Poultry by-product meal as dietary protein source for dourado, Salminus brasiliensis: an economic appraisal

Renan Antunes Donadelli Fredy Armando Aguilar Aguilar Daniel Yokoyama Sonoda José Eurico Possebon Cyrino About the authors

ABSTRACT:

The dourado, Salminus brasiliensis, a large, carnivorous, Neotropical, Characin, is highly regarded for fish farming and sport fishing alike. However, studies on the farming and husbandry of dourado are still scarce. This study evaluated the performance of dourado fed diets formulated so as to contain increasing levels of poultry by-product meal as a replacement for fish meal and aimed to identify the maximum level of replacement to maximize profit. The trial was set up in a closed recirculation system with controlled water quality (temperature 27 °C, dissolved oxygen 6.5 mg L−1, pH 7.4, and ammonia 0.25 mg L−1). Juvenile fish were stocked in tanks in a completely randomized design, acclimatized to system conditions and experimental diets, and then fed twice a day for 66 days with extruded, nutritionally complete diets (40 % digestible protein and 4020 kcal kg−1 digestible energy), formulated to contain 0, 20, 40, 60, 80 or 100 % poultry meal as a surrogate protein source for fish meal. Performance parameters – average weight gain, specific growth rate, feed consumption, feed conversion rate, protein efficiency rate, productive value of protein, energy retention rate, survival rate – did not differ (p > 0.05). To minimize the effects of influential data, the robust regression method was used and profit maximization analysis revealed that replacing 33.3 % of dietary fishmeal by poultry by-product meal maximizes profit in the farming of dourado.

Keywords:
fish nutrition; alternative feedstuffs; economic evaluation

Introduction

The dourado, Salminus brasiliensis (Cuvier, 1816), is a large, carnivorous, Neotropical migratory Characin from the Prata river basin. As a result of overfishing and damming of rivers for hydropower operations, natural stocks of dourado are becoming increasingly endangered (Pompeu, 2012Pompeu, P.S. 2012. Permanent preservation rivers: an alternative for conservation of fish populations? = Rios de preservação permanente: uma alternaiva para a conservação da ictiofauna? Ação Ambiental 47: 12-14 (in Portuguese).; Weingartner and Zaniboni-Filho, 2010Weingartner, M.; Zaniboni-Filho, E. 2010. Biology and dourado stock = Dourado. p. 257-286. In: Baldisserotto, B.; Gomes, L.C., eds. Native species to aquaculture in Brazil = Espécies nativas para piscicultura no Brasil. 2ed. Editora UFSM, Santa Maria, RS, Brazil (in Portuguese).). Additionally, dourado is considered a highly promising aquaculture species given its rapid initial growth and high commercial value (Weingartner and Zaniboni-Filho, 2010Weingartner, M.; Zaniboni-Filho, E. 2010. Biology and dourado stock = Dourado. p. 257-286. In: Baldisserotto, B.; Gomes, L.C., eds. Native species to aquaculture in Brazil = Espécies nativas para piscicultura no Brasil. 2ed. Editora UFSM, Santa Maria, RS, Brazil (in Portuguese).). Nonetheless, information on the farming and husbandry of dourado is scarce, at best. Because of its carnivorous feeding habits, the species requires high dietary protein contents, which can increase feeding costs owing to the need for ingredients high in protein (Borghetti et al., 1990Borghetti, J.R.; Canzi, C.; Fernandez, D.R. 1990. The influence of different levels of protein on the growth of dourado (Salminus maxillosus). Arquivos Brasileiros de Biologia e Tecnologia 33: 683-689 (in Portuguese, with abstract in English).; Cyrino et al., 2012).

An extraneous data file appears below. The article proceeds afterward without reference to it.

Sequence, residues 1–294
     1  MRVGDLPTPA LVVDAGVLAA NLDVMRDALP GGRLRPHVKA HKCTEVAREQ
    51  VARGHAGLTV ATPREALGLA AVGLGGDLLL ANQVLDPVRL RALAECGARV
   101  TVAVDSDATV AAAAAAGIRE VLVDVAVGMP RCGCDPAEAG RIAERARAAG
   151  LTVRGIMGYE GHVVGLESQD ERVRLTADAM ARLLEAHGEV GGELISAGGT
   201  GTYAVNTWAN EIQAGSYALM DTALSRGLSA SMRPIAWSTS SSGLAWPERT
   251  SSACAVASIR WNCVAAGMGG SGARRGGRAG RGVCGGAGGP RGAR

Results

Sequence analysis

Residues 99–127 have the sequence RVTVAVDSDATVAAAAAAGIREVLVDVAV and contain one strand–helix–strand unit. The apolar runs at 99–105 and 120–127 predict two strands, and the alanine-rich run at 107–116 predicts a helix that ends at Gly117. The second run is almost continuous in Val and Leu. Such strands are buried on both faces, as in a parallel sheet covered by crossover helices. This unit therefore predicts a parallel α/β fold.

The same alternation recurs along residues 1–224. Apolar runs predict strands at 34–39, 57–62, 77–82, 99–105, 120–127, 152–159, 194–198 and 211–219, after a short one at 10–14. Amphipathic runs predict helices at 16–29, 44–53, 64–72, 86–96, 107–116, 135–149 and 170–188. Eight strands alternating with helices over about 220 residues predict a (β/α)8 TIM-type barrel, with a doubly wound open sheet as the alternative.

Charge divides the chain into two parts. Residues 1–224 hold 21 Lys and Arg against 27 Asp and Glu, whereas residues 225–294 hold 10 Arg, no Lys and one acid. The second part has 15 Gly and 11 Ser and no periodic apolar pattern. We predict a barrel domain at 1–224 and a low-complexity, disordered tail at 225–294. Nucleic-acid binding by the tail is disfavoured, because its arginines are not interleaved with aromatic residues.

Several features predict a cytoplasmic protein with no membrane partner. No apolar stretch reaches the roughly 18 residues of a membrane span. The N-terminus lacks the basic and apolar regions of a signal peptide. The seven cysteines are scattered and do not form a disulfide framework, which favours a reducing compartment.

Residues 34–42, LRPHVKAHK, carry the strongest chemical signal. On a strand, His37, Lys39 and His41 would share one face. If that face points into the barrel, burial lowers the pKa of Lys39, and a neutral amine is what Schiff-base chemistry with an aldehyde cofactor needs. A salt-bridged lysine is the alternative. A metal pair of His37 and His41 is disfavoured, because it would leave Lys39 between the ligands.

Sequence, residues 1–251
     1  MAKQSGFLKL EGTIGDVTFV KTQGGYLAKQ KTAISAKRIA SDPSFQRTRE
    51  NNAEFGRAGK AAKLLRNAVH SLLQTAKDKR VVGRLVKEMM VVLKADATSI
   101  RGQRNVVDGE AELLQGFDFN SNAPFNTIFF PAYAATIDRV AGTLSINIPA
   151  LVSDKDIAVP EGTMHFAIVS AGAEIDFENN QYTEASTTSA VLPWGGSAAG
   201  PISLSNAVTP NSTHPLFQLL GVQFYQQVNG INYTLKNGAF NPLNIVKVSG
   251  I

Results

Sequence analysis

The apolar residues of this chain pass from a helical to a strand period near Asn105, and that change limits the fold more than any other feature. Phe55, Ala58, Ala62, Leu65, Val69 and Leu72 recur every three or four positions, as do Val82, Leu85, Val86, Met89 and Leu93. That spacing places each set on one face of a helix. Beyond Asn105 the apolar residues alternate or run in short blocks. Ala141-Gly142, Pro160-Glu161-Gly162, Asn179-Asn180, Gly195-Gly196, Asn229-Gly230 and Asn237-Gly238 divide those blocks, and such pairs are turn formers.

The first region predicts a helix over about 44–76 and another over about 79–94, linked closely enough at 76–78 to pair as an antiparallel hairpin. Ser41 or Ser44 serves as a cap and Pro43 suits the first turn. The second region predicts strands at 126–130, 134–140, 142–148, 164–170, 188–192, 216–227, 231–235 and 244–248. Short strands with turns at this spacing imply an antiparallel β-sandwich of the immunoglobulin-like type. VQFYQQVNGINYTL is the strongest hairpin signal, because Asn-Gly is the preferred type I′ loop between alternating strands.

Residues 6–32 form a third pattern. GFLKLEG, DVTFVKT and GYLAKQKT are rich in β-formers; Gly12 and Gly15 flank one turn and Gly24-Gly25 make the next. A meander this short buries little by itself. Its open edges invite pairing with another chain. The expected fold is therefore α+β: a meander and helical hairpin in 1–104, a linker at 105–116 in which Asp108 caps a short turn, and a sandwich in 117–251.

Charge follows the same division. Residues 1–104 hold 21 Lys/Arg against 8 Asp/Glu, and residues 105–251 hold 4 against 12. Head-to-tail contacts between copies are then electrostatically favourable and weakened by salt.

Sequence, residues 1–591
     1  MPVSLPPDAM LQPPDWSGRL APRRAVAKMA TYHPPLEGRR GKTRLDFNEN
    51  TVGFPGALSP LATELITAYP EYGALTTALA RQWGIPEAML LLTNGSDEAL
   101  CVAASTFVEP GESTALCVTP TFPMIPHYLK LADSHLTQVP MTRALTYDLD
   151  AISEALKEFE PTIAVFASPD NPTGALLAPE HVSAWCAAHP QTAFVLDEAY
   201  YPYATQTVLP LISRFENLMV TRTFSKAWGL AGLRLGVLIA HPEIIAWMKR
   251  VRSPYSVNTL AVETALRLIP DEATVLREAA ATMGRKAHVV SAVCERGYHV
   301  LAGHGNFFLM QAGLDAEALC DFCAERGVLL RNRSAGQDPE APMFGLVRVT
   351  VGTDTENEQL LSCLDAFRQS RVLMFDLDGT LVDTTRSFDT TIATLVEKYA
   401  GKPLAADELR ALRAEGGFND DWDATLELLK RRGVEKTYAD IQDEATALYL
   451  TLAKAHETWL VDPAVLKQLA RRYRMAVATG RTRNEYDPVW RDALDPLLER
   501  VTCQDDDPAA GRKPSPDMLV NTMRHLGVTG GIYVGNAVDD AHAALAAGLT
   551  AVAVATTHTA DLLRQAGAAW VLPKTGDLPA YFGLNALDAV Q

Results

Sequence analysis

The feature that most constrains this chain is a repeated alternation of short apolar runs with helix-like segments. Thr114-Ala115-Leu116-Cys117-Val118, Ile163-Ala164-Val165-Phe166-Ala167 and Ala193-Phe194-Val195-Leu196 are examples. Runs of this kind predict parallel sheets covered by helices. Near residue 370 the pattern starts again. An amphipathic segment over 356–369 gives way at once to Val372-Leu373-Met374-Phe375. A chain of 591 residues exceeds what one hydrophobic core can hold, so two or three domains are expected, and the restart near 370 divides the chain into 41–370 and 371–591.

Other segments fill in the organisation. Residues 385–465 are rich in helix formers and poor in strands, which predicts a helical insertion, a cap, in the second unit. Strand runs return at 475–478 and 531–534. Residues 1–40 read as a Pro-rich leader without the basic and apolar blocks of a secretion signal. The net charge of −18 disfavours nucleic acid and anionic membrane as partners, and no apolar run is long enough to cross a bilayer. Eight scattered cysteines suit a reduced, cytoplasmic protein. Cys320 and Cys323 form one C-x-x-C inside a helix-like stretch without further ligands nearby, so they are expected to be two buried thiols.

Even though fish meal (FM) can be obtained from fish of no commercial value or processing wastes, production of FM is based on wild caught fish, especially marine species (Hertrampf and Piedad-Pascual, 2000Hertrampf, J.W.; Piedad-Pascual, F. 2000. Handbook on Ingredients for Aquaculture Feeds. Kluwer Academic, Dordrecht, Germany.). Overexploitation of fishery resources and the decline of land fishery products (FAO, 2016Food and Agriculture Organization of the United Nations [FAO]. 2016. GLOBEFISH Highlights: A Quarterly Update on World Seafood Markets 4: 1-72.) have prompted an increase of circa 55 % in the price of FM (US$ 1,143.00 in July 2009 to US$ 1,650.00 per metric ton in June 2016; FAO, 2016Food and Agriculture Organization of the United Nations [FAO]. 2016. GLOBEFISH Highlights: A Quarterly Update on World Seafood Markets 4: 1-72.) which translates into increases in the production costs of farmed carnivorous fish. Given this scenario, one of the major research areas of fish nutrition is the study of alternative ingredients to FM, aiming to reduce production costs and overfishing (Hardy, 2010Hardy, R.W. 2010. Utilization of plant proteins in fish diets: effects of global demand and supplies of fishmeal. Aquaculture Research 41: 770-776.).

The Brazilian poultry industry is the third largest in the world (IndexMundi, 2014IndexMundi. 2014. Broiler meat (poultry) production by country in 1000MT. Available at: http://www.indexmundi.com/agriculture/?commodity=broiler-meat& [Accessed Mar 5, 2014].
http://www.indexmundi.com/agriculture/?c...
). The rendering of poultry industry wastes yield feather meal, poultry by-product meal, poultry fat, and other by-products which can be used in animal nutrition as surrogate protein sources (Hertrampf and Piedade-Pascual, 2000Hertrampf, J.W.; Piedad-Pascual, F. 2000. Handbook on Ingredients for Aquaculture Feeds. Kluwer Academic, Dordrecht, Germany.). It has been shown that poultry byproduct meal (PBM), for instance, can be used as the sole protein source in diets of farmed piavuçu Leporinus macrocephalus (Characiformes: Anostomidae) without hampering performance (Schwertner et al., 2013Schwertner, V.; Diemer, O.; Higuchi, L.H.; Klein, S.; Boscolo, W.R.; Feiden, A. 2013. Replacement of fish meal by poultry viscera meal in the feed of Leporinus macrocephalus. Ciência Animal Brasileira 14: 318-322 (in Portuguese, with abstract in English).). This study is aimed at determining the maximum level of replacement of FM by PBM that maximizes profit without harming the performance of juvenile dourado fed diets containing increasing levels of PBM as a substitute for dietary FM.